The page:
By John Masters
Meridian Writers’ Group
no longer have a monarchy — it was abolished in 1918 — but it still
has plenty of nobility. Take the Wittelbachs, for example. They’d been the
rulers of Bavaria since the 12th century. Even today, if you run into the
current head of the house, Duke Franz von Bayern, you should address him as
“your royal highness.”
German nobility still
have some very nice real estate, too. Duke Franz lives at Nymphenburg Palace, a
baroque wonder that, in the 17th century, was a two-hour carriage ride from
Munich. Now it’s in the suburbs, but there’s still a nice buffer between the
duke and his neighbours: his front lawn’s the size of a stadium; the backyard’s
a 200-hectare park.
Since the duke still
lives here, not all of the palace is open to the public, but the impressive
centre block is. Built and rebuilt by successive generations of Wittelbachs
from 1664, with the last major work done in 1826, its rooms are in a variety of
styles that veer from Italianate to Chinese, but all would come under the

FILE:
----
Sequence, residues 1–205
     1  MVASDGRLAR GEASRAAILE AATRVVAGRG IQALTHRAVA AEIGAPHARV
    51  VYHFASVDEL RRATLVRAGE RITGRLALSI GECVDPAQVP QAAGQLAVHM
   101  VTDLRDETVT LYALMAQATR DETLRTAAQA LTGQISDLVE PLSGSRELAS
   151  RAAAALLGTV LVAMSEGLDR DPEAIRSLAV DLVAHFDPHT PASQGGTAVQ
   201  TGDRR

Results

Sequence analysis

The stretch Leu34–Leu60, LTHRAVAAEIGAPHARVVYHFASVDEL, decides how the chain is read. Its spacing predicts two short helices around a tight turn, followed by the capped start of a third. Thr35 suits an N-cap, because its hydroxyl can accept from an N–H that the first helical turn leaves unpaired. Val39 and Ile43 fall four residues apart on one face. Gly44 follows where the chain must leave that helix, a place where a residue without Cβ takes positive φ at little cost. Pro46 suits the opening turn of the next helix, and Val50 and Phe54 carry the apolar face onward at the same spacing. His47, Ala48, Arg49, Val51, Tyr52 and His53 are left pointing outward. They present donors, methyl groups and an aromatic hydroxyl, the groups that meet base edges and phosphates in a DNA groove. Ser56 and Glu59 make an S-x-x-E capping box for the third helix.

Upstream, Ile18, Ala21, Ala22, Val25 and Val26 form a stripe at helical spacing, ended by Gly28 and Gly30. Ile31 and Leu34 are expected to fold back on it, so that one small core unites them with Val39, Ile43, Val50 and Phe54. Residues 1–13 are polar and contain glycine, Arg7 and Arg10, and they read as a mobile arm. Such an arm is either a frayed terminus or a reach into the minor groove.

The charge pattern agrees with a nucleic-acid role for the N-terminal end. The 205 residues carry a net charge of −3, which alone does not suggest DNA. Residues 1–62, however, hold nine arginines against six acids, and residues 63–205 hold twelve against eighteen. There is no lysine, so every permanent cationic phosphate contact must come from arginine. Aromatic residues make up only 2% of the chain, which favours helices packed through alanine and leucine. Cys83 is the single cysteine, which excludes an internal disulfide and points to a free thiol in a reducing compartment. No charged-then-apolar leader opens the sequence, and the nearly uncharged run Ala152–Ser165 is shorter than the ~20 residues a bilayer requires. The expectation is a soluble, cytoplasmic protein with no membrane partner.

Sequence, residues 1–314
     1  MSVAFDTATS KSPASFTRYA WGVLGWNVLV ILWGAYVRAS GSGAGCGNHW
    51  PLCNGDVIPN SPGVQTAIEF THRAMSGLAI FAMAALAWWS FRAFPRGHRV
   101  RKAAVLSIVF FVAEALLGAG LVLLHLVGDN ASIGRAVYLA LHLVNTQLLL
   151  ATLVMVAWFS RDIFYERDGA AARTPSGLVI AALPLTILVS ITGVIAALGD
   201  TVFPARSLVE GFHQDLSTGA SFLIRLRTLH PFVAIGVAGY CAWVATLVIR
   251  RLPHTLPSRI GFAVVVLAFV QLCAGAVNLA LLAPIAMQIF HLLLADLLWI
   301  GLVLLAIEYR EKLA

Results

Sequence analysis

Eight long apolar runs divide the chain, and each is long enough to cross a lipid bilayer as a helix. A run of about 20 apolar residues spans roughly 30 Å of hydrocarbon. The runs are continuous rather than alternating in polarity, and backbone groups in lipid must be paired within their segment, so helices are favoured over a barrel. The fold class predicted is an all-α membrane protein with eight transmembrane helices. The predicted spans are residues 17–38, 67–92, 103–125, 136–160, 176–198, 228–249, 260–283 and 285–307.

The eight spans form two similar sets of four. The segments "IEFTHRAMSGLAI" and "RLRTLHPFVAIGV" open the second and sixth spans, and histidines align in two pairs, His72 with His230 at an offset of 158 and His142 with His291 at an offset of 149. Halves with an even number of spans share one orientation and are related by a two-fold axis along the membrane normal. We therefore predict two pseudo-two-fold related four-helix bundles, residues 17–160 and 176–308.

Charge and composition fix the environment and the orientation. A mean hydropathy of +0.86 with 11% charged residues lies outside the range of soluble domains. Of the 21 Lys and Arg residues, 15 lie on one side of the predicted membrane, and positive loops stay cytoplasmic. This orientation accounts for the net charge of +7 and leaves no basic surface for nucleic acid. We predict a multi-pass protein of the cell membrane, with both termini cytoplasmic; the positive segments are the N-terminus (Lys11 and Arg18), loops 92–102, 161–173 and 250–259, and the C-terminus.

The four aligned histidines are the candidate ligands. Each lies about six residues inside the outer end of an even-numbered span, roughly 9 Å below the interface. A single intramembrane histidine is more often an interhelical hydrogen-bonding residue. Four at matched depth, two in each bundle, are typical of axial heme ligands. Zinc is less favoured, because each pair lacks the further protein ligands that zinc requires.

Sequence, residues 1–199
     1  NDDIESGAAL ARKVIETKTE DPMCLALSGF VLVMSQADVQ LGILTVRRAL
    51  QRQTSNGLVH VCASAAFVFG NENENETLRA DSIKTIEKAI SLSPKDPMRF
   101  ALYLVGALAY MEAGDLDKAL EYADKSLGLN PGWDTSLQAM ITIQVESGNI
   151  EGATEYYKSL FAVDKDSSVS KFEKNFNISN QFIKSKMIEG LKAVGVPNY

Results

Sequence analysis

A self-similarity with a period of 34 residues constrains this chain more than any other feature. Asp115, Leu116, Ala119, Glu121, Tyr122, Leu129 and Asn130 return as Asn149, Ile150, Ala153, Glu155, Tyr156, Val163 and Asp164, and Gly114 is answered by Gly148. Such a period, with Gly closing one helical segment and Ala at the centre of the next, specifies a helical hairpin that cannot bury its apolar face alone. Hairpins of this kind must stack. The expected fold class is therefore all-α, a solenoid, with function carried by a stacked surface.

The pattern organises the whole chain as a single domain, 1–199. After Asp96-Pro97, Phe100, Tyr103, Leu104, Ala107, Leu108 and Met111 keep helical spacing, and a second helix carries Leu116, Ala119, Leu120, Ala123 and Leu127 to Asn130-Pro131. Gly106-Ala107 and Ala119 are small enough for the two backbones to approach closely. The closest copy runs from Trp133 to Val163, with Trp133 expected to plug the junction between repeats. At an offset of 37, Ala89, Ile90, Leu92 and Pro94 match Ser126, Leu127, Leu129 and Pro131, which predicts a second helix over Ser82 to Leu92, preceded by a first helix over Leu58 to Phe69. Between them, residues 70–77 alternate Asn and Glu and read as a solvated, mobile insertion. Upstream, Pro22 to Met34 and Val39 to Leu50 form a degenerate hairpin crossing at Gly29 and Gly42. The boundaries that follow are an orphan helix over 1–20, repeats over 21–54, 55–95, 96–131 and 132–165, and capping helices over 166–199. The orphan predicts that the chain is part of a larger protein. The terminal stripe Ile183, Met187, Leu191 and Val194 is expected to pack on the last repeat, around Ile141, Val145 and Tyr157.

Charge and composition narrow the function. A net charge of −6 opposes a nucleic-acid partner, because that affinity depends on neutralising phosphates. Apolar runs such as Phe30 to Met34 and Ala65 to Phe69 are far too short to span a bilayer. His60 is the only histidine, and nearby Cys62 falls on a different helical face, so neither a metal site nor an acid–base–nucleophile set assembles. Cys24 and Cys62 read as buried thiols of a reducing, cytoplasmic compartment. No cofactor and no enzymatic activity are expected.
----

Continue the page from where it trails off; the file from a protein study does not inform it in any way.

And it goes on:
general heading of “opulent.”
The Great Hall that rises
before you as you enter is the biggest and best example of this: a
two-storey-high rococo chamber of lavish, gold-gilded stucco work, a colourful
ceiling fresco of, appropriately, nymphs, six glittering crystal chandeliers
and a bank of large windows to fill the room with light. It seems a hall
perfectly made for music and dancing.
The rooms with the most
interesting stories to them are in the south wing, where the Blue Salon and the
Queen’s Bedroom are both done in French Empire style. Why? Because in 1806
Napoleon made Bavaria its own kingdom and enlarged its borders. How better to
show your thanks — and allegiance — than to redo a few choice rooms
in the appropriate manner?
The Queen’s Bedroom has
another story to go with it: it’s where Ludwig II — Mad Ludwig, the one
who built the fantasy castle Walt Disney made into the icon for his amusement
park — was born. The furniture is all as it was on that day, Aug. 25, 1845,
including the mirror the delivering doctor looked into rather than gazing
directly on his royal patient.
As eye-catching as the
palace is, for many visitors the park behind it is an even greater attraction.
It comes with two lakes, several large pavilions, a baroque garden and a canal.
A 1761 painting by Canaletto shows the house and garden from the top of the
canal, with several pleasure craft rowing about in the water. Ladies in
voluminous dresses and gentlemen wearing white hose watch from the shore. The
boats are gone, but the park remains much as it was nearly 250 years ago.